Wednesday, 11 August 2010

WordPlay: a sumptuous video

A friend sent me this sumptuous video this morning: 

I watched it the first time and just enjoyed the pageant of sounds, images, and evocations. I felt that there was an inner logic but it evaded me, until my astute friend suggested I pay attention to how one scene after another portrays a different dimension of the semantic range of a given word, and then the lights went on. Still, the blurb on the web page seems to promise something more philosophically profound:
In this stunning video, filmmakers Will Hoffman and Daniel Mercadante bandy visual wordplay into a moving exploration of how language connects our inner thoughts to the outside world.
How does the video help us see this? I suppose it highlights the logic involved in expanding a basic meaning of a word (e.g. "fall" as a type of movement) to more metaphorical extensions ("fall" means "autumn" because that's when leaves fall).* But is that the criteria for their connections? In what sense are "light" as "luminescent" and "light" as "not heavy" connected? As far as I now their homophony is coincidental, as the two meanings seem to have two different roots. Is the idea rather that regardless of the etymology of a word, the fact that we now use a "word" (whatever that is: are "light" and "light" the same word?) to refer to a range of referents leads us to subconsciously see some kind of inner connection between the various referents? But that is bad linguistics, something that James Barr called "illegitimate totality transfer." As an Englishman I don't call Autumn "Fall," but that fact alone doesn't mean that I therefore perceive Autumn differently to an American.

Or maybe I'm missing the deeper point altogether, so please feel free to enlighten me. Yet even if the video doesn't have a deeper philosophical point, it's still beautiful to watch.

Check out their other awesome videos here.

* I'm aware that some debate the existence of "basic meanings." See, e.g., Clines' introduction to the Dictionary of Classical Hebrew. I side, however, with the views expressed by Michael Fox in his article on the semantic field of folly.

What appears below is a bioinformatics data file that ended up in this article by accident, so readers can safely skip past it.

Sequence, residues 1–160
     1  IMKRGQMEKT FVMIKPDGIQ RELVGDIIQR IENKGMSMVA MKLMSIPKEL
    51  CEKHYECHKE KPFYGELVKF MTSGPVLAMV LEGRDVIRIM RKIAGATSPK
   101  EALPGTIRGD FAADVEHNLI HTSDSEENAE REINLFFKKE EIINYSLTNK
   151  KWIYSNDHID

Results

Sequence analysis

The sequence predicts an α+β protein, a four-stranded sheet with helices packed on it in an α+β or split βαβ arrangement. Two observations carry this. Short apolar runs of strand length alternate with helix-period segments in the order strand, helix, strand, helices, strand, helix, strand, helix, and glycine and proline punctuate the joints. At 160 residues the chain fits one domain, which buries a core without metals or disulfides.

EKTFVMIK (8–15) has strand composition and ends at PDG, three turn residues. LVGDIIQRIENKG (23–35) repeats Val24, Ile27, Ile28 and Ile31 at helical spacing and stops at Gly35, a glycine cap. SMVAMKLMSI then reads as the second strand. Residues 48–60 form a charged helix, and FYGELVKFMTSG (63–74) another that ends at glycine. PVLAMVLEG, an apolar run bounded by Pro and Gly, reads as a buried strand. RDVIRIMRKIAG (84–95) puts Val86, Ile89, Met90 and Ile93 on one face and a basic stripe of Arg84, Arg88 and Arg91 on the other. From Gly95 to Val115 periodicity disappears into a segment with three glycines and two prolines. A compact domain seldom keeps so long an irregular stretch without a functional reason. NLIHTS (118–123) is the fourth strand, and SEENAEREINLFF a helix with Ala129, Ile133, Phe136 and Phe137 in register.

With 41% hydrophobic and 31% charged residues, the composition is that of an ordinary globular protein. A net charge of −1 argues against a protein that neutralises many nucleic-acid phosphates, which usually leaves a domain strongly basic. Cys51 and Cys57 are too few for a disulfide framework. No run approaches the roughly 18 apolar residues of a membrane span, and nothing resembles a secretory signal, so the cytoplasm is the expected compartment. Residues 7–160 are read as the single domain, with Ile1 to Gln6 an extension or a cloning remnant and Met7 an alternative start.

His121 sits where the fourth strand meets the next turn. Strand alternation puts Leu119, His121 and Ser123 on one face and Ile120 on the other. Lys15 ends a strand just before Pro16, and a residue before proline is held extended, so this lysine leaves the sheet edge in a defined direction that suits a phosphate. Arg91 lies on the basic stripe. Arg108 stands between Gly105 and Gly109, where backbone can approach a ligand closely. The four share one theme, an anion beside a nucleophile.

Tuesday, 10 August 2010

Third Isaiah, intertextutality, and history

In my post The Biblical canon and Biblical referentiality, I stated that, as far as Childs is concerned, the final form of the canon of Scripture is not a totally hermeneutically sealed unit, such that one can make sense of the parts without reference to extra-textual realities. He certainly credits the final form of the text with far more integrity than many of his colleagues, but nevertheless the meaning of this final form is contoured to a large degree by the particular manner in which it came to existence. This calls for a subtle form of exegesis, one which takes into account the different "levels of consciousness" present within the "final form."
"First, Third Isaiah remains a prophetic collection, both in form and content, which means there is an encounter with actual historical realities, albeit seen in the light of the divine. This dimension dare not be flattened simply into a type of learned scribal activity dealing exclusively with literary texts. Second, not every occurrence of a parallel [with Second or First Isaiah] can be assigned to an intentional reuse. A critical assessment must be made that reckons with the theological substance at stake beyond merely identifying formal parallelism discovered by the perusal of a concordance.1"

Childs' reference to the "theological substance" of the text here highlights another dimension of his concern to respect the historical nature of the text. Christianity claims that the Old Testament is a witness to a divine reality that was ultimately revealed in Christ. This was the concern of allegorical exegesis. Historical Criticism rightly retains this sense of extra-textual referentiality. Rejecting the constraints of the historical dimension and treating the text as a space for free-floating signifiers risks dampening its ability to point beyond itself the the reality that undergirds both past, present, and future.

1Childs, Isaiah, 462. S

Friday, 6 August 2010

An intoxicating song

I hope to get back to more theological/Biblical posting in due course. In the meantime here is the most intoxicating song I've heard in a long time. I can't get enough of it:

Wednesday, 4 August 2010

Thiselton on the canonical approach

any suggestion to the effect that a 'canonical' approach is harmonizing or ahistorical rests upon a mistaken mythology generated by critics who have never properly engaged with it ("Canon, Community, and Theological Construction," p. 9).
Stark but true.